‘The EU’s not rubbish, it’s the best idea we ever had’
Voters will go to the polls this week (May 22-25) to elect 751 members of the European Parliament, which handles some of the day-to-day elements of the lives of more than 500 million citizens. The European Union (EU) seems an abstract idea to many on the continent — in fact, voter turn-out is expected to fall for seventh time in a row, dropping to just over 40 percent.
But there are still Europhiles on the continent. One of them is Rebecca Harms, a German member of the European Parliament for over 10 years. “Europe is not rubbish. It’s the best idea politicians ever had on this continent,” the co-chair of the Group of the Greens/European Free Alliance told the Herald in a recent interview.
Apart from bringing Brussels closer to the people, Harms’ heart lies in expanding the role of renewable energies and climate-friendly policies, as well as introducing alternative, sustainable models in the financial markets.
Her first encounter with politics was during her high school years in the small town of Uelzen in northwestern Germany, when she started fighting for her first cause, the anti-nuclear movement.
Germany’s Green party has proven to be a trailblazer over the last decade, helping to accelerate the country’s plan to phase out nuclear power by 2020, boosting solar power and bringing gender equality policies into the corporate and political worlds.
For this year’s elections, the European Green Party also wanted to set an example. They launched a pioneering new system of primary elections, in which European citizens were able to vote for their candidates for the European Parliament. Other political parties still chose the candidates themselves, without the participation of citizens.
Despite efforts to attract more supporters in the polls, the Green alliance is still a minority in the EU Parliament, it only has 57 MEP out of 765. According to the latest polling numbers, the Greens would garner 52 seats, which would represent almost seven percent of the total number of seats.
But Harms trusts her instincts and believes that it’s crucial to take the time to explain to citizens how the EU works and the advantages it offers.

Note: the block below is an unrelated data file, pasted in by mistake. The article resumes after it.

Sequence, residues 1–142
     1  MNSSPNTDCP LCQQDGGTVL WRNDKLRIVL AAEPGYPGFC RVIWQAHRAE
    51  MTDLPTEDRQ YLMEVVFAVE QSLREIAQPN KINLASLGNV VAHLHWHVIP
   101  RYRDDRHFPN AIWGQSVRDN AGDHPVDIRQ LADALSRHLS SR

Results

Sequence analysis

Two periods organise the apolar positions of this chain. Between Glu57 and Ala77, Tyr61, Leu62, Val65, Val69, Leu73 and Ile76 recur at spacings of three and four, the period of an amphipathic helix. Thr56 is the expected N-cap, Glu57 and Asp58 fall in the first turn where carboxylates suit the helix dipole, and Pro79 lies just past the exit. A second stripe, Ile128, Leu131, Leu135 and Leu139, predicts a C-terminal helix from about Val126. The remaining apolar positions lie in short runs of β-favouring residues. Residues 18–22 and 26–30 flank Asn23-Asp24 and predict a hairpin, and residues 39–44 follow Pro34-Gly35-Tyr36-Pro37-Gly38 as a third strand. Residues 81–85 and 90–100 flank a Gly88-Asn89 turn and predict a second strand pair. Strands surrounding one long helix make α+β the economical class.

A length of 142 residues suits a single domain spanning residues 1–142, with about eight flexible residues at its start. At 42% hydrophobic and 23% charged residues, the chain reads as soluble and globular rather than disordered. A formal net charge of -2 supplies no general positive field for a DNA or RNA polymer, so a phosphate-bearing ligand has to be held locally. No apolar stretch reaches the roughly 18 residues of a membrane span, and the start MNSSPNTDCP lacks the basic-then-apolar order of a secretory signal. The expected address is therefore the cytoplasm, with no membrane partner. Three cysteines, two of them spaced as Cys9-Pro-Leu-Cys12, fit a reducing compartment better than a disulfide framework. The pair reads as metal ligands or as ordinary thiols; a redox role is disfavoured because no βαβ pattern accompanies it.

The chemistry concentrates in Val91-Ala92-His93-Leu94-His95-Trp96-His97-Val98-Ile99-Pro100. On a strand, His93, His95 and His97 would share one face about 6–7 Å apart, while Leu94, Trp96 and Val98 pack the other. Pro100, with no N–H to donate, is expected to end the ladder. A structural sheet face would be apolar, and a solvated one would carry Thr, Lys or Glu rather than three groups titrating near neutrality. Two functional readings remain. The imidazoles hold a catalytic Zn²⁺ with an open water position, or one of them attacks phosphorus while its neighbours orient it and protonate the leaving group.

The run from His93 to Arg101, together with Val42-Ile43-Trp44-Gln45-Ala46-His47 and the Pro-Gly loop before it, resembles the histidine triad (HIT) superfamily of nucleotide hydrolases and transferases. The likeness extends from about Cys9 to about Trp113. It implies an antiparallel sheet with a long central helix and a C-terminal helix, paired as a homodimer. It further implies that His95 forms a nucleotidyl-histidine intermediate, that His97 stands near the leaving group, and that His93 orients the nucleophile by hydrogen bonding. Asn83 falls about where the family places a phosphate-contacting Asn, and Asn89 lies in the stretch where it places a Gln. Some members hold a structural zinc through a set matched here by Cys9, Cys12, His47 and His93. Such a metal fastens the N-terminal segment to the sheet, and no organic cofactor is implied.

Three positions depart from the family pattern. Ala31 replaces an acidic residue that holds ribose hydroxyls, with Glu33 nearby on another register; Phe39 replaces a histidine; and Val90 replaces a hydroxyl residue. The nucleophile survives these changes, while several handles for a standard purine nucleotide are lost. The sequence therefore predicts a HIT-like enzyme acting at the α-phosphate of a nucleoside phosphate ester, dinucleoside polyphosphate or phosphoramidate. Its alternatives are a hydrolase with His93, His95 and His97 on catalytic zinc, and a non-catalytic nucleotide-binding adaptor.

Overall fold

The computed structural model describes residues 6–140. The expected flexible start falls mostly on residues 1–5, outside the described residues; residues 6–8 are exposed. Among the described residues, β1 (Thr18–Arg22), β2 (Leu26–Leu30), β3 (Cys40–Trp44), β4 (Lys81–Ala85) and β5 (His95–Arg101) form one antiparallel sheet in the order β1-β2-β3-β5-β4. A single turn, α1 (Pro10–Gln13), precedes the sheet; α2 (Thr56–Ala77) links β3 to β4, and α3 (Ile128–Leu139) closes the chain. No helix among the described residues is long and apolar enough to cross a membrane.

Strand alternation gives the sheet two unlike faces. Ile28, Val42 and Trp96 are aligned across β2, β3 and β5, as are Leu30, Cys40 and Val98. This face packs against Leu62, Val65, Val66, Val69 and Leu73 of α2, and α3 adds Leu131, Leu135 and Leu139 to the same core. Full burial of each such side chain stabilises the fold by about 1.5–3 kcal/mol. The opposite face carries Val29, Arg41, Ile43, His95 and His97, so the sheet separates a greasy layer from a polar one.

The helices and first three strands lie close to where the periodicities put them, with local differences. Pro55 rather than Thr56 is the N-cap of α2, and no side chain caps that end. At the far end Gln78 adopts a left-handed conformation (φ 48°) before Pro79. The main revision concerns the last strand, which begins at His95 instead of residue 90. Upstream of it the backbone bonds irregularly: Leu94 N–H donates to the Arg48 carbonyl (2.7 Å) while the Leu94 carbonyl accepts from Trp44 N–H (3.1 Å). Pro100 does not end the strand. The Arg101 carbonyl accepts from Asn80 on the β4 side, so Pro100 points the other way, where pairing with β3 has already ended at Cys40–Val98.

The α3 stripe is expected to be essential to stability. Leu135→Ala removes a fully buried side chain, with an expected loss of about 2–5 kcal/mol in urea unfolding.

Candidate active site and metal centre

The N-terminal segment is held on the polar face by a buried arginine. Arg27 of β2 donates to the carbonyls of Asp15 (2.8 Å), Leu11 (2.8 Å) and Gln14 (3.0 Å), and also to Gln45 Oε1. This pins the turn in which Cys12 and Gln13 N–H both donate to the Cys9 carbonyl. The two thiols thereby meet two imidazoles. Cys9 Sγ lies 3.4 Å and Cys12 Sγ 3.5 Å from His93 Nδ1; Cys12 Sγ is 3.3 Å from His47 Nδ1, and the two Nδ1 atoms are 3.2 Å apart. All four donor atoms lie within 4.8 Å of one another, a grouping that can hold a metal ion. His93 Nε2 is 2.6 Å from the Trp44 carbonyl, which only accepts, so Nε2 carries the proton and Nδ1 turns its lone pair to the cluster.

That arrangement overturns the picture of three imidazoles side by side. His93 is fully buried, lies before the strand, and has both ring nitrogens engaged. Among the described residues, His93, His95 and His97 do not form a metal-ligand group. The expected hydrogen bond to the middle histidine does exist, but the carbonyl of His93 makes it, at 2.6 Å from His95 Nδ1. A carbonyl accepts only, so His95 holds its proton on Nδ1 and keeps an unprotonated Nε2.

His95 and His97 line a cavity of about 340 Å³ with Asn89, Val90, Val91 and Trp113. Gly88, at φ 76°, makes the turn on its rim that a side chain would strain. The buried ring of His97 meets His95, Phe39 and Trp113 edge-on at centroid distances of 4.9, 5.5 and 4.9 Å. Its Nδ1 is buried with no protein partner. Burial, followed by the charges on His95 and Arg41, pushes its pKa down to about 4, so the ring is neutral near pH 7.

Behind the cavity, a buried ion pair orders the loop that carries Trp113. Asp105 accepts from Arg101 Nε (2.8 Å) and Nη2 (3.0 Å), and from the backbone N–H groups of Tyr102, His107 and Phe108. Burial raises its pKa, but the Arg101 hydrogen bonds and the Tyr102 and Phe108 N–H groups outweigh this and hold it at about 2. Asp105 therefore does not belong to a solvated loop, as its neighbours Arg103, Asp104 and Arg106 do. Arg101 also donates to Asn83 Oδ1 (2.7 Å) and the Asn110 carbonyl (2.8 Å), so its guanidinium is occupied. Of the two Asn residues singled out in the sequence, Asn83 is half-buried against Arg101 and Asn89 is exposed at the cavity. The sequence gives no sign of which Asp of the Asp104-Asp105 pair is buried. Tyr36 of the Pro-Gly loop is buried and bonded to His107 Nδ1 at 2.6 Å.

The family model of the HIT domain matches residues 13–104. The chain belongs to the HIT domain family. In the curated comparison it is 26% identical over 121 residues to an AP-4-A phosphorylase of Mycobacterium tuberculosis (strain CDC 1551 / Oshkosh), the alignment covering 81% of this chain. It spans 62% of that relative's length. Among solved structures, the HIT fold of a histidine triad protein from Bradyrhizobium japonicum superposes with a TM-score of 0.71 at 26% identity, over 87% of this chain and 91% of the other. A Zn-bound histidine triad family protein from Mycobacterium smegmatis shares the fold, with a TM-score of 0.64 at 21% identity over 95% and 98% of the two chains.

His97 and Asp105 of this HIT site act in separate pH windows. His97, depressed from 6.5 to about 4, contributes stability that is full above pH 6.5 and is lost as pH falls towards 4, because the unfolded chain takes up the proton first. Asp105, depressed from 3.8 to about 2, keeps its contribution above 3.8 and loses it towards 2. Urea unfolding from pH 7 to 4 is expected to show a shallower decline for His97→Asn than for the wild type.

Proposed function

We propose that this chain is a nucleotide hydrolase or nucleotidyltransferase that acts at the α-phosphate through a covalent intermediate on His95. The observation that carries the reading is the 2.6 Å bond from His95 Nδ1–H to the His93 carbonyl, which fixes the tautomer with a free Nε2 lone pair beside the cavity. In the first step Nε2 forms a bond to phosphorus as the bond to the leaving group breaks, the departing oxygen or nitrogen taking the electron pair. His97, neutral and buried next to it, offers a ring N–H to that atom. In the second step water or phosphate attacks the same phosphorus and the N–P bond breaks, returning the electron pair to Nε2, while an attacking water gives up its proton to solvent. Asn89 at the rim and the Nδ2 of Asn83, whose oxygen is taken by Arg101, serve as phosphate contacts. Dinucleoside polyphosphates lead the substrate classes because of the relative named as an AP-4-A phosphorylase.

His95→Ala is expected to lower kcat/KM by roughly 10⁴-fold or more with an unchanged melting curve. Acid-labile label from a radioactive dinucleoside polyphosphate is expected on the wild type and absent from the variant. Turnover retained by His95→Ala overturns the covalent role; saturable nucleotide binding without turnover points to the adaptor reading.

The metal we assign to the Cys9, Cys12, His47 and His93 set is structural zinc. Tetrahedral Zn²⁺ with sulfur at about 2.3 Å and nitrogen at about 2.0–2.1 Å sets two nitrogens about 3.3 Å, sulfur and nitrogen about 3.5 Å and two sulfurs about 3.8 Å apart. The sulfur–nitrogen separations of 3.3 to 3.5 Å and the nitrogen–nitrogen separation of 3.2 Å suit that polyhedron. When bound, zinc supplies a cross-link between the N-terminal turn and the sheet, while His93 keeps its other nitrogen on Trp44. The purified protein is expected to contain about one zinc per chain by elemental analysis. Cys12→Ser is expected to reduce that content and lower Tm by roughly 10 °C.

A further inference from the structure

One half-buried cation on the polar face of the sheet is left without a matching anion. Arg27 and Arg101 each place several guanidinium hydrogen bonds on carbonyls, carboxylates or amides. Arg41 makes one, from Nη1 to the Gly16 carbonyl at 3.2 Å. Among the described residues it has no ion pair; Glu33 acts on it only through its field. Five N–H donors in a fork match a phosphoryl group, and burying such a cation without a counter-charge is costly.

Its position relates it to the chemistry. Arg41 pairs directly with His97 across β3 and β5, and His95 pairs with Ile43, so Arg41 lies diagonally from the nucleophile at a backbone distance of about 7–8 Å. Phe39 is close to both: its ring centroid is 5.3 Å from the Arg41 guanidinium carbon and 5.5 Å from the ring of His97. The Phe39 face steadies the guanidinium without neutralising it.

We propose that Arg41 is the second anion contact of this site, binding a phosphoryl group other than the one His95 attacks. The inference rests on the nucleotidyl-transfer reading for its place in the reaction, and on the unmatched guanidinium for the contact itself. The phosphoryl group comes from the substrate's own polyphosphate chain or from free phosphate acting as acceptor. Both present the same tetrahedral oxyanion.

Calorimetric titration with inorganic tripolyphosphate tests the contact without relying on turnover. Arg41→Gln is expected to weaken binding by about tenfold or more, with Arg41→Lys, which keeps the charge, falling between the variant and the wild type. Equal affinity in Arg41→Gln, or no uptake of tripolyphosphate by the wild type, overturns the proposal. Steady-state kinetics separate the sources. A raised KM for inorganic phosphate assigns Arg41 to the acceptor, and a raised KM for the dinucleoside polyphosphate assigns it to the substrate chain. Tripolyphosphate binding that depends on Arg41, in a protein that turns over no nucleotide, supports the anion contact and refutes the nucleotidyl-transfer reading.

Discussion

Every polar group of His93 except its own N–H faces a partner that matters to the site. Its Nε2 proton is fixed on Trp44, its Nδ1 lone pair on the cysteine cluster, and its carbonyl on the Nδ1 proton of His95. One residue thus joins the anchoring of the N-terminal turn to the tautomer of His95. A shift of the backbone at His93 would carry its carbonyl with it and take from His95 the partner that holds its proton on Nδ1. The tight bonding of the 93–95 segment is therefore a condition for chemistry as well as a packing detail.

The 57-year-old learned landscape gardener told the Herald about why she recently leaked confidential documents about EU-US trade pact negotiations on a website and why she is against austerity measures, as well as discussing the rise of the extreme right.
Why did you publish the documents about negotiations taking place between the EU and the US on a trade and investment pact (TTIP), which will likely be signed next year?
We are against trade negotiations that are conducted behind closed doors, negotiations that go much further than trade questions. We demand that TTIP negotiations take place with total transparency. This is why we published these document — as a warning.
Will you reveal more details about the negotiations?
If we come across more documents that the public should know about, we will publish them. With respect to the ongoing TTIP negotiations, we believe they threaten social and environmental standards in the EU. We are particularly worried about one item that is being discussed, that would allow corporations to turn to international arbitration tribunals to take legal action against state regulations, thus allowing them to avoid regular court procedures. We want to stop the TTIP project and would like all transatlantic negotiations to start from scratch. Transparency should be present from the beginning of talks.